On Wed, Feb 6, 2013 at 2:13 PM, Ken Giusti <kgiu...@redhat.com> wrote:

> Rafi, I agree with the rational behind these changes.
> >     /** Return a pointer to a transport's input buffer. This pointer
> >     may
> >      * change when calls into the engine are made.
> I think we'll need to be a little more liberal with the lifecycle
> guarantee of these buffer pointers.  Drivers based on "completion" models
> (rather than sockets) could be forced to do data copies rather than
> supplying the pointer directly to the completion mechanism.
> Could we instead guarantee that pointers (and space) returned from the
> transport remain valid until 1) the transport is released or 2) the
> "push"/"pop" call is made against the transport?
> Or perhaps a reference count-based interface would be safer?  Once the
> driver determines there is capacity/pending, it "reserves" the buffer and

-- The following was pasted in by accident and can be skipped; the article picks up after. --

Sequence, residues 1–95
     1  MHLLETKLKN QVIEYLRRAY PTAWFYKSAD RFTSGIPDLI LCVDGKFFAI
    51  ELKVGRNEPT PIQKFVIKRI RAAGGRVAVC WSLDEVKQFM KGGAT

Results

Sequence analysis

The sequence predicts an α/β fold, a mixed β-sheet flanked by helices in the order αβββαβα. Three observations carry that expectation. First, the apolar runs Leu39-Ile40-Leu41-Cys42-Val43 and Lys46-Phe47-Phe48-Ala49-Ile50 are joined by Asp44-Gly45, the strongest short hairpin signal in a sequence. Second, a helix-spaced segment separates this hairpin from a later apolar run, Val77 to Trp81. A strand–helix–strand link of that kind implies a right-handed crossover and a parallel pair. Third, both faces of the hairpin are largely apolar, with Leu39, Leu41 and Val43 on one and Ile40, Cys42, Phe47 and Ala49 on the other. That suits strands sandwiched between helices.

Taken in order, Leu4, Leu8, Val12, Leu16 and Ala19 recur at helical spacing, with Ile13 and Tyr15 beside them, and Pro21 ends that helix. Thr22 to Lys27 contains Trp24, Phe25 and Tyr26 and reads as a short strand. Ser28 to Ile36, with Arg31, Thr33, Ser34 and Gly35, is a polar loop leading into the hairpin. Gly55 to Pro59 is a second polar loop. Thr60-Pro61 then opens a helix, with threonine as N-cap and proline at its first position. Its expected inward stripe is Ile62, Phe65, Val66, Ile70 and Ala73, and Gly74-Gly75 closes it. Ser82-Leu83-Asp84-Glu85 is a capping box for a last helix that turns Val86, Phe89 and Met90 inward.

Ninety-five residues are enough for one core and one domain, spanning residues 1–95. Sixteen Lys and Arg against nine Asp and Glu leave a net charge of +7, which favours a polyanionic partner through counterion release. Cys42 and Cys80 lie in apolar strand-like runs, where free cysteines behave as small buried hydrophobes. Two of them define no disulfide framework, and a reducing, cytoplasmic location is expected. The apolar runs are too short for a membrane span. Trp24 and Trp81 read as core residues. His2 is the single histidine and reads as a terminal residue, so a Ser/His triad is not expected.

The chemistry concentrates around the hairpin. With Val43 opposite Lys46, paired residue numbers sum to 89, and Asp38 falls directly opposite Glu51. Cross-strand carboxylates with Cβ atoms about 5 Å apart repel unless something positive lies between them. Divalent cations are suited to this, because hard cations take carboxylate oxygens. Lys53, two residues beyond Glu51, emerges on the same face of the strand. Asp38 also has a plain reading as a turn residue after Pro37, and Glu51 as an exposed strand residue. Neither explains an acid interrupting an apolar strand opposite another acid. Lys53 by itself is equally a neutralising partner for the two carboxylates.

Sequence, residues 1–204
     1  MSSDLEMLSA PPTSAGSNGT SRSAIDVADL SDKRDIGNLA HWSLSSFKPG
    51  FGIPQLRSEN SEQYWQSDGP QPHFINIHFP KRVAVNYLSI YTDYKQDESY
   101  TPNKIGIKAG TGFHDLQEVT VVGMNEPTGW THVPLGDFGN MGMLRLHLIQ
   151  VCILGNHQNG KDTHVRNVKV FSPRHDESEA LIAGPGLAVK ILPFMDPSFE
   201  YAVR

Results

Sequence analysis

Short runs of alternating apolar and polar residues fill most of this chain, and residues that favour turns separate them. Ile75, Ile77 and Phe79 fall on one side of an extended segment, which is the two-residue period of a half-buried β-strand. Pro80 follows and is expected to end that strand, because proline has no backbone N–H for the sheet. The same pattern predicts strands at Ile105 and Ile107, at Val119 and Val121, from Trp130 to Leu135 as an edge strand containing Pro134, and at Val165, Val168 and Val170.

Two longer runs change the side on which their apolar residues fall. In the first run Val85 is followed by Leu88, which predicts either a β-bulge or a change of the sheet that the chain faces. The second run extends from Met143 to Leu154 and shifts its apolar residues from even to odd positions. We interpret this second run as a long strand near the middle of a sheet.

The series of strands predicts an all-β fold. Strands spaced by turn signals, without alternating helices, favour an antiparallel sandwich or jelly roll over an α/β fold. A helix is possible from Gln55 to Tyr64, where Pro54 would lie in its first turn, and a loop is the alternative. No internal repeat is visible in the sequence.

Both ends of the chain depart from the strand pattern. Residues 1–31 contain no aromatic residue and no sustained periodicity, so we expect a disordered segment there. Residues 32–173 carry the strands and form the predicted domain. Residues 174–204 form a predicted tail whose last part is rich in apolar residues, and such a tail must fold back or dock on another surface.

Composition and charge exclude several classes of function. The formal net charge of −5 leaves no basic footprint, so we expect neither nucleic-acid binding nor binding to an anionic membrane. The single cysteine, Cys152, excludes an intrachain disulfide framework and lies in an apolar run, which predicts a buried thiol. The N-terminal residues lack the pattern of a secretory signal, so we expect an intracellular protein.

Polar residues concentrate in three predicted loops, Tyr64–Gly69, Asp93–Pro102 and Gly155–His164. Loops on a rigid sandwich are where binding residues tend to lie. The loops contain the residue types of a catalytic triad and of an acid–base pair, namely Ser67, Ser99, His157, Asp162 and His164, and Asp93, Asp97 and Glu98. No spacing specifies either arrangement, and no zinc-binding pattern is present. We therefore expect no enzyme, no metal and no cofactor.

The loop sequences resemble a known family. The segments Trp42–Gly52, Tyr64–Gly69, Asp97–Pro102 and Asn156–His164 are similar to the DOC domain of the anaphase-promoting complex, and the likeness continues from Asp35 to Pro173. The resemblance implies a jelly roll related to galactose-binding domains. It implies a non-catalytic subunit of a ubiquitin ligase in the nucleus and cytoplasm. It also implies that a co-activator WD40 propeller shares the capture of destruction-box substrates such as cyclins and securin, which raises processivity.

> is required to "push"/"pop" to release it?

I think I may have just grokked what you meant by a reference count based
interface. If you're saying that whenever the transport reports pending
output or available capacity it will preserve any exposed pointers until
after that amount of capacity/pending bytes have been pushed/popped
respectively, then I think that's a good semantic to shoot for. I wouldn't
call it ref counting as I think we could track it more simply than that.
I'd still say we should start with the more conservative semantics to get a
patch in place to fix the bug, and then narrow them to this in a subsequent


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